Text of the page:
How Suppressing Emotions Can Lead to Migraines
When you stuff down your emotions, they don't just disappear. In fact, repressing emotions can have a real and tangible impact on your physical health—including an increased risk for migraines.

If you're a 41-year-old mom with a 4-year-old boy, chances are you don't have a lot of time (or energy) to process your feelings. You're juggling work, family, and all the other demands of daily life. So it's no wonder that you might bottle up your emotions instead of dealing with them head-on. But what you may not realize is that those suppressed emotions can come back to haunt you in the form of migraines.

Stress is a common trigger for migraines, and repressed emotions are a major source of stress. When you push down your feelings, they don't just go away. They fester and grow, until they eventually erupt in the form of a migraine.

The Link Between Emotions and Migraines

There's a strong link between our emotions and our physical health. When we're stressed, anxious, or unhappy, our bodies respond accordingly. Our heart rate increases, our muscles tense up, and we produce stress hormones like cortisol.

All of these changes can lead to migraines. In fact, one study found that people who experienced high levels of stress were more than twice as likely to suffer from migraines as those who didn't feel stressed. And it's not just acute stress that can trigger migraines; long-term chronic stress can be just as harmful.

When you repress your emotions, you're essentially putting yourself in a constant state of stress. And that chronic stress can take a serious toll on your health—including an increased risk for migraines.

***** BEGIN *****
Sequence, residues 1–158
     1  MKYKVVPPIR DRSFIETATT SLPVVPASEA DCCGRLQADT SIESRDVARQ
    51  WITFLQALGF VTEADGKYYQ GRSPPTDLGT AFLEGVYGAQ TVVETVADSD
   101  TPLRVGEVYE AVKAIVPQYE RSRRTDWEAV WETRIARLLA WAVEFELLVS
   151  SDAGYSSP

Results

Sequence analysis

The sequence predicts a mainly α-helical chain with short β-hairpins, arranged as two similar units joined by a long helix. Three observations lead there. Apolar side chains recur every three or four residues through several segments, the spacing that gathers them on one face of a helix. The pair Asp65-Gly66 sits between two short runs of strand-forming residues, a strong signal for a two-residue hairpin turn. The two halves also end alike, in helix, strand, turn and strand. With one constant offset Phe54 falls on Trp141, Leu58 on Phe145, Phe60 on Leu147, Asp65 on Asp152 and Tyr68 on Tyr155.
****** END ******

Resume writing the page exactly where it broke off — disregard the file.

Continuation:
The Relationship Between Emotions and Physical Health

It's important to understand the link between our emotions and our physical health. Our thoughts and feelings influence our physiology, which in turn affects our overall health. When we're under constant emotional duress, it takes a toll on our bodies—and that can lead to physical problems like migraines.
If you suffer from migraines, there's a good chance that repressed emotions are at least partially to blame. When we stuff down our feelings, they don't just go away—they fester and grow until they eventually erupt in the form of a migraine. If you want to protect your health, it's important to find healthy ways to deal with your emotions instead of bottling them up inside. Talk to a friend, see a therapist, or journal about your feelings—whatever works for you. Just make sure you're taking care of yourself emotionally as well as physically. Your body will thank you for it!

By the way, 15-minute free phone consults available.  If I can't help, I'll be able to point you in the right direction.  


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